Springfield, MO

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Opinion: What the post-COVID-19 workplace may look like

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Today as I sit in my office, I am struck by how different it is than the office I left in mid-March. You know, when we all headed home to shelter-in-place from the coming threat of the coronavirus. Things are much quieter now than they were then.

I’m surrounded by just under 50% of my colleagues, while the other half continue to work from their homes. The half that are here work quietly from their individual offices. The building even smells different. The refrigerator is empty. There’s no coffee brewing in the kitchen or microwave meals being heated for working lunches. The office smells clean, kind of lemony fresh meets rubbing alcohol.

As I reflect on my physical work environment and how things used to be, I am certain of two things. First, I remain committed to brick and mortar. Springfield Business Journal invested in new office space less than a year ago. We left our downtown office of nearly 25 years to head to a space that would situate our entire staff on one floor to achieve more efficient collaboration. We were looking for natural lighting, vibrant artwork, social meeting spaces and an overall environment designed to inspire and invigorate the staff. We were looking for a space that was as fresh and creative as the people inside. I believe we accomplished those things in our new Chesterfield Village offices. The staff was proud to bring in clients and family members to show off our new digs, and many expressed renewed enthusiasm about coming to work. I am certain that coming back together in this space, at a time when we can all do so safely and comfortably, is in the best interest of our business, the staff and our individual livelihoods.

Secondly, I am equally certain that some of the changes we were forced to make in the wake of COVID-19 are here to stay. Here are four of them:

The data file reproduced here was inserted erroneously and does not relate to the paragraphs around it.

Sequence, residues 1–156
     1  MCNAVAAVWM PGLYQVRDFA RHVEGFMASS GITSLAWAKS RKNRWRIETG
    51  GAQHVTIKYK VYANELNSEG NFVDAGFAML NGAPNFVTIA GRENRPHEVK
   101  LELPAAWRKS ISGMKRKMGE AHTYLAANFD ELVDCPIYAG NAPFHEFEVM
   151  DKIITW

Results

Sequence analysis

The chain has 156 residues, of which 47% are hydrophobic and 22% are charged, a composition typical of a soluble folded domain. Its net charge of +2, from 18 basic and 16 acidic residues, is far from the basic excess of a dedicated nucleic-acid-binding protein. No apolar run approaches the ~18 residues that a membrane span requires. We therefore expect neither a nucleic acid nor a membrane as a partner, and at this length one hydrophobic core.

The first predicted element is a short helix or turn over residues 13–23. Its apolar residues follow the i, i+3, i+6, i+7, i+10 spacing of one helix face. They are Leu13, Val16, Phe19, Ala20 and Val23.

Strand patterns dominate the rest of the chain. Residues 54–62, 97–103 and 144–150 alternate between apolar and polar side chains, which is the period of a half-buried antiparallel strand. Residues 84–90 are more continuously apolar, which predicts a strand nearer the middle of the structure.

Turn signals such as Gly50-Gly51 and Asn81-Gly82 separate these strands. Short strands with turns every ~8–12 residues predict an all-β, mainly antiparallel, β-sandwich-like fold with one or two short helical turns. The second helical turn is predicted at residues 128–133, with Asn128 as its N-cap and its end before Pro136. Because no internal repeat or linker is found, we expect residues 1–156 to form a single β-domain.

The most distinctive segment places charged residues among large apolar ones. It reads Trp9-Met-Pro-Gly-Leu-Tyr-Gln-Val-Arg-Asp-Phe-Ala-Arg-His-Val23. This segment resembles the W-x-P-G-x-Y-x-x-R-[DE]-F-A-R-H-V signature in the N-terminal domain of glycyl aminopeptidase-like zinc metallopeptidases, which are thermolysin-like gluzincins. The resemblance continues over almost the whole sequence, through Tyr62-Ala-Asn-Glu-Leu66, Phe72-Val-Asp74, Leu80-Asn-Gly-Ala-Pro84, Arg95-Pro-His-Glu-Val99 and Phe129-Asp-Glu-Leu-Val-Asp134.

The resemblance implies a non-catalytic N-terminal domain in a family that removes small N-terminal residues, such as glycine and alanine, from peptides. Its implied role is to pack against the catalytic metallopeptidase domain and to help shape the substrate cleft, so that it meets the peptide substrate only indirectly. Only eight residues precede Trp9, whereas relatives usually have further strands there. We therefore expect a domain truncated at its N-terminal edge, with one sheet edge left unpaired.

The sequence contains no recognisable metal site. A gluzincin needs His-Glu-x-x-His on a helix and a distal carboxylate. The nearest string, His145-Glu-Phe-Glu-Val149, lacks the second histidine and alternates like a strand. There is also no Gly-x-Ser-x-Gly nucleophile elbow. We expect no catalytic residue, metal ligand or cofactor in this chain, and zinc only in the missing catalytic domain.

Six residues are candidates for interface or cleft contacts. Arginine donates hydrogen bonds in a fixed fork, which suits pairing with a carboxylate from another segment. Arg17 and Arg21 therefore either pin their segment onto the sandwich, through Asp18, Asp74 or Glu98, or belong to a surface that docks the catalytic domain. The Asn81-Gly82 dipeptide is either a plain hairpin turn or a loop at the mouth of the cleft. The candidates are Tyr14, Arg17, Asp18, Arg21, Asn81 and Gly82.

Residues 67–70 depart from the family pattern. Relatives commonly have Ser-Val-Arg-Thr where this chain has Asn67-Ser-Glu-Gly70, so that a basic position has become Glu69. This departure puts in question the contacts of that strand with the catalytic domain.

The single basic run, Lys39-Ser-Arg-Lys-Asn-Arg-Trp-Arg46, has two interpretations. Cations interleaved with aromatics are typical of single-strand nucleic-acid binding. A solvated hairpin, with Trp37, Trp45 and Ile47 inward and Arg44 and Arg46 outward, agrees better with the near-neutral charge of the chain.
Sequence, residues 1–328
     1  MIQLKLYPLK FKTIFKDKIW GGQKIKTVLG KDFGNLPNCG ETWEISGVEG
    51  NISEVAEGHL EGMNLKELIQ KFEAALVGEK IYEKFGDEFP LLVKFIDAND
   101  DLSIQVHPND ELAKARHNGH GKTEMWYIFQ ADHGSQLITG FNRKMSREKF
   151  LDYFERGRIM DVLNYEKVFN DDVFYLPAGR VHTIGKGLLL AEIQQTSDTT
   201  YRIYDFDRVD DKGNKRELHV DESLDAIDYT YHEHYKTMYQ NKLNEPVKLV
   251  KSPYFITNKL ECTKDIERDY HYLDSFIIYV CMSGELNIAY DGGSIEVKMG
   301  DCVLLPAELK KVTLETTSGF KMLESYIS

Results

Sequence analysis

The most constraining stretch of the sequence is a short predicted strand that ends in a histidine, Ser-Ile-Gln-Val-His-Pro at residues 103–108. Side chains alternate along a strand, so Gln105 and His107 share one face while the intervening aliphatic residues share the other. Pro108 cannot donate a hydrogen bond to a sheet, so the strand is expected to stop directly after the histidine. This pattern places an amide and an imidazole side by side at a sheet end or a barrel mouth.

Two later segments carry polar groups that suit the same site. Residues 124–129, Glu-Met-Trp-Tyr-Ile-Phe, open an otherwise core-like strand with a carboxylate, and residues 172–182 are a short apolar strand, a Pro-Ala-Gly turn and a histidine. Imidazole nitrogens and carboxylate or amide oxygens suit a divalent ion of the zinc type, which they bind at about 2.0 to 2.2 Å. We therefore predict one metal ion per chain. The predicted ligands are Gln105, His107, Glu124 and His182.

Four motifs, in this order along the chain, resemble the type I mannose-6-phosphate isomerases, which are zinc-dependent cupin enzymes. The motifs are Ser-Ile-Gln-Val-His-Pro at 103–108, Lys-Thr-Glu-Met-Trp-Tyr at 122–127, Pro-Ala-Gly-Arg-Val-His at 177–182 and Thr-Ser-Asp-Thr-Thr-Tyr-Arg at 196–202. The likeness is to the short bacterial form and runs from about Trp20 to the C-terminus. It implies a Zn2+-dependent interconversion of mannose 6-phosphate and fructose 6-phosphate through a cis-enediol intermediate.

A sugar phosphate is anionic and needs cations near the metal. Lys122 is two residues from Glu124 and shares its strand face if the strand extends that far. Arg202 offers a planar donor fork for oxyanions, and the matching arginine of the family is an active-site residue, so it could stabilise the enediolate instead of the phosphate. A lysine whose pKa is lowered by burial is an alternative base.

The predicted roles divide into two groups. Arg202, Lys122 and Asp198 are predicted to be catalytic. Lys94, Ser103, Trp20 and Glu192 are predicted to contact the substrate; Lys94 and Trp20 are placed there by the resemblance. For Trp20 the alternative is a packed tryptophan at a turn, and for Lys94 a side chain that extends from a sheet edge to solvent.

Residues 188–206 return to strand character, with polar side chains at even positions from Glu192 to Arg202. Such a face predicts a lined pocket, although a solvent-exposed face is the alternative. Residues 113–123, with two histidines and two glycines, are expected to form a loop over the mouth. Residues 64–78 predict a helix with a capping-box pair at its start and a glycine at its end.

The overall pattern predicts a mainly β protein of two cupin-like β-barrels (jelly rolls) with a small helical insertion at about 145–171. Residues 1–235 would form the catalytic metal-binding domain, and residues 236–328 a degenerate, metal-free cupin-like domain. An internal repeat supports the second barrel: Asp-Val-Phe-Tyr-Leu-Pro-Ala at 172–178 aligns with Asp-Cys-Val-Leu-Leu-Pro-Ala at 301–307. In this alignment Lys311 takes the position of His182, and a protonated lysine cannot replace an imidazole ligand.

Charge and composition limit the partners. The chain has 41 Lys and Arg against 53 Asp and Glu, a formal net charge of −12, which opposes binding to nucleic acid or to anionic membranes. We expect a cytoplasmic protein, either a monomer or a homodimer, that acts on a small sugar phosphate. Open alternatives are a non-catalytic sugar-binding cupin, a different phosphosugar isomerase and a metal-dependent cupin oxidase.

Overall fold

Flexible work schedules and workspaces have become a basic expectation. As an employer, I no longer have plausible deniability that things can be done remotely. We proved when we went home that we could still get a great paper out by deadline without appearing in the office. It is reasonable then to assume that when life’s little challenges present themselves (like child care issues, scheduled household repairs or virtually anything else that can reasonably require our presence in the home) the work can still happen. SBJ’s full return to the office will most likely include a revision to the employee handbook allowing for increased flexibility for staff members to work a portion of their schedule from home.

Sick leave is a must. Our immediate response to a sneezing co-worker used to be, “God bless you.” This politeness now takes a back seat to a look of utter horror and a quick duck and cover. No one wants to work around or beside someone who is even a little under the weather, no matter how much we are depending on that still-functioning staff member to pull their weight on pending projects. Employees must stay home when they are feeling ill and still have the option of clocking in when they are well enough to work. This, too, will necessitate a change to the handbook that doesn’t penalize staff members for doing the right thing or rob them of their vacations because they chose to spare the rest of us their germs.

Staff wellness requires addressing the whole person. As I’ve struggled to balance a return to workplace normalcy with very real individual anxieties about leaving the safety of home, I’ve gained a new appreciation for the importance of nurturing the mental well-being of staff members. Any sick leave policies that are developed must acknowledge that not all ailments are physical and that employers also must make room for mental and emotional healing or renewal.

Technology is a front-burner issue. We have advanced more technologically in the last three months than we have in the last 10 years. We can no longer run systems or software until they are broken, unsupported or obsolete. We have become reliant on remote support, Zoom-driven meetings and virtual events. We made it home and back to business in half of a day because we embraced the technology that could take us there. I can no longer envision a public event without some kind of virtual component any more than I can imagine staying connected to staff and workflow without a mechanically driven mode of communication.

While my vision is crystal clear about where we’ve been and what we must at some point get back to, it remains unclear to me exactly how we will get there. I sense the transition will be arduous and painful for some. I hope you will read into this column an invitation to share your experiences and best practices as we climb the mountain in front of us.

While our businesses, products and services differ greatly, many of our challenges are the same. Let’s find our way back together.

Springfield Business Journal Publisher Jennifer Jackson can be reached at


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